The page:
by Maya Brennan, Center for Housing Policy
Despite full-time work, people across the nation face problems affording a place to live. And by "people" I don't mean your hypothetical median-income-earner, I mean auto mechanics, hotel front desk managers, flight attendants, housekeepers, and wait staff. Also, firefighters, social workers, nurses, truck drivers and many other of the people we all need serving our communities.
Low-income workers clearly fare the worst in metro housing markets. Just try to afford an apartment, even one bedroom, on a housekeeper’s salary. Across every single one of the 207 metro areas included in Paycheck to Paycheck, a housekeeper can’t afford the two-bedroom fair market rent. Even shifting down to just a one-bedroom usually doesn’t help. Just 17 out of 207 metros had one-bedroom fair market rents that were affordable on typical housekeeper wages.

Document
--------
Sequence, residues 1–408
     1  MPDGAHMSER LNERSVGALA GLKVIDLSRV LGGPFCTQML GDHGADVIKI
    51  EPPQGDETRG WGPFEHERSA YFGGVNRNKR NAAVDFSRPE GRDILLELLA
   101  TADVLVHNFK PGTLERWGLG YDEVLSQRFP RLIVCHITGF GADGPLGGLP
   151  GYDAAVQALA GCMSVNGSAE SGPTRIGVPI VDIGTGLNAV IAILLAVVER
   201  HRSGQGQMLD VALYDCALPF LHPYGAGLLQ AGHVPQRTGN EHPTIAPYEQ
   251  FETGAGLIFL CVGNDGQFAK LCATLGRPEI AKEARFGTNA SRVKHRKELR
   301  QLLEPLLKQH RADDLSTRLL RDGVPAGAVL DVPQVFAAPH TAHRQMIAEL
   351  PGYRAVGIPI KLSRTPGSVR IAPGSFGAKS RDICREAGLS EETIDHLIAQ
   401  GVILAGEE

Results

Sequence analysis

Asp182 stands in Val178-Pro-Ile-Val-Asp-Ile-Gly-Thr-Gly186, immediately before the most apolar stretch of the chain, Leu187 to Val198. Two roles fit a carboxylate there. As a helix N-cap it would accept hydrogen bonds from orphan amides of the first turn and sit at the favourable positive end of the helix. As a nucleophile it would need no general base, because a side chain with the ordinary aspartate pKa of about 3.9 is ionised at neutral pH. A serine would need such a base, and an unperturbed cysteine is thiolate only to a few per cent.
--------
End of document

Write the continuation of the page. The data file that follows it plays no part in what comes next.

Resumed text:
But even jobs with seemingly good earnings, like flight attendants, face housing affordability problems in high-cost destinations. The San Francisco, Boston, New York, Seattle, and Los Angeles metro areas are among 25 across the country in which a flight attendant cannot affordably buy a median-priced home.
Wages, home prices, and rents are not aligned. How do we solve this?
The answer is not just a single fix-it. Education and training programs can help workers access better paying jobs, but job advancement can only help so much in high-cost areas. And let’s not forget that lower-wage jobs, like wait staff and housekeepers, are an essential part of keeping the nation running. Higher pay would be great, but ensuring continued access to affordable housing programs is crucial as well.
Until wages catch up with housing expenses, let’s keep pushing for smart and holistic solutions.